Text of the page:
Megamind, featuring Will Ferrell as the voice of a chrome-domed, blue-skinned, and rather cuddly supervillain, is the second animated feature this year (after Despicable Me) to be built around a bad guy who is really, deep down, a good guy longing for acceptance. I'm not quite sure what the trend adds up to, but could it be that evil, in kiddie flicks, has finally become innocuous? Considering that Toy Story 3 had one of the great villains of the year (Lotso the bear), I would say no. Megamind is less a satire of dastardly deeds than a nimbly spectacular comedy of ego. Ferrell's Megamind, who was shot to Earth as an infant à la Superman, is like Dr. Evil crossed with the old Flintstones mascot the Great Gazoo, and Ferrell voices him with an amused, vaguely British superciliousness. (He pronounces Metro City, where the movie is set, so that it rhymes with atrocity.) His rival, Metro Man (Brad Pitt), is a preposterously noble lantern-jawed fusion of Elvis and Mr. Incredible who has a way of always defeating Megamind. Until Megamind finally beats him.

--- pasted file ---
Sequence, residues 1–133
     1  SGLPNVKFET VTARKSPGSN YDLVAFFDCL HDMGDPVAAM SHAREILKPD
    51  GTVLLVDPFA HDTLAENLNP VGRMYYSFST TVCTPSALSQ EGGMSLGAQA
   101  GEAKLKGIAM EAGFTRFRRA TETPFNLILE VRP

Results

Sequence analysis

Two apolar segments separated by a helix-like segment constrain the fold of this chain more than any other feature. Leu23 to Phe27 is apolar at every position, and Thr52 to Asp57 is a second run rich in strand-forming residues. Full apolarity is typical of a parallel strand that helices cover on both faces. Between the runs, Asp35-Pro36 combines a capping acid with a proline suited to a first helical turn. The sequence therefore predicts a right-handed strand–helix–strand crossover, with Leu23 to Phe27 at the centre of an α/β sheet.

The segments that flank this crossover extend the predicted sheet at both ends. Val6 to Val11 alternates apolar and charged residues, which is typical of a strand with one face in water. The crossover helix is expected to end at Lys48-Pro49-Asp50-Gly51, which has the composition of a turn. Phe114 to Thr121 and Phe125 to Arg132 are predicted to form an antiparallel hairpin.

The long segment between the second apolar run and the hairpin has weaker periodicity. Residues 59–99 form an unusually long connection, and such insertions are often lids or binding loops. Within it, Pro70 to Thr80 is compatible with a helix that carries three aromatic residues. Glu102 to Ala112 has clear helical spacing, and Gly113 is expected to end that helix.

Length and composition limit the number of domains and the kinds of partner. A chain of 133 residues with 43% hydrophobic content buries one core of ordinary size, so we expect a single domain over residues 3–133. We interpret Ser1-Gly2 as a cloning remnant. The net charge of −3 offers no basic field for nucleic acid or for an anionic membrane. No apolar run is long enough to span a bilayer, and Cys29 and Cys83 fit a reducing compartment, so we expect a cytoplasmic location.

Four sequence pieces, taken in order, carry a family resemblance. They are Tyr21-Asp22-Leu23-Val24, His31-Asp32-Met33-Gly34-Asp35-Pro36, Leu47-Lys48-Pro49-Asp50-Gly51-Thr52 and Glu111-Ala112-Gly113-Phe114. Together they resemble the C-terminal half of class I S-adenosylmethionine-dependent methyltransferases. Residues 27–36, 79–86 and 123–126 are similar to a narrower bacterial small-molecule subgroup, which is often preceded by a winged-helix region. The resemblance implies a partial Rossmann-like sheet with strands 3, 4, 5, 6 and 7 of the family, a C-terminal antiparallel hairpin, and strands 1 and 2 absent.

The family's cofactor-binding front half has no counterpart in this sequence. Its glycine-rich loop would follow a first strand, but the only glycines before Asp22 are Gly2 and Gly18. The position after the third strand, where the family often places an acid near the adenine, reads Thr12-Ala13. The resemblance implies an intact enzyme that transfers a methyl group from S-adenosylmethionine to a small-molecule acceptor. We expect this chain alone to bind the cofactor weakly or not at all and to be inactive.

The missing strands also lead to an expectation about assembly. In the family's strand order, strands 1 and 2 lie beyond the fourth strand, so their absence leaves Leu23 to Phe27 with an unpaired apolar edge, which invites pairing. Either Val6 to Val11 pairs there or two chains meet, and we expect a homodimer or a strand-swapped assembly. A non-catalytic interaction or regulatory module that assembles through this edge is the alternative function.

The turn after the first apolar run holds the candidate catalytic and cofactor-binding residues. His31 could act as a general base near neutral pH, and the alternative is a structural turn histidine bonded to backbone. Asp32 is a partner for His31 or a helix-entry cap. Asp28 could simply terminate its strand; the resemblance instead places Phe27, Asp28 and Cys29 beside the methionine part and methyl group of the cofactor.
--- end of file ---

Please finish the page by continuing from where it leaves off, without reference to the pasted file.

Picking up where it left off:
That's when the movie really takes off. Bored with being on top, Megamind decides to create his own righteous antagonist by infusing special powers into the body of a doltish cameraman (Jonah Hill, who charges the film with gnashing neurotic glee). Both end up vying for the affections of the spunky news babe Roxanne Ritchi (Tina Fey). Unlike the recent DreamWorks Animation hit How to Train Your Dragon, Megamind is too goofy-surreal to pack a lot of emotional punch, but it's antically light on its feet, with 3-D images that have a lustrous, gizmo-mad sci-fi clarity. The movie is a burlesque on the layered identities of heroes and villains, who in Megamind share one big thing: They're all superheroes of self-promotion. B+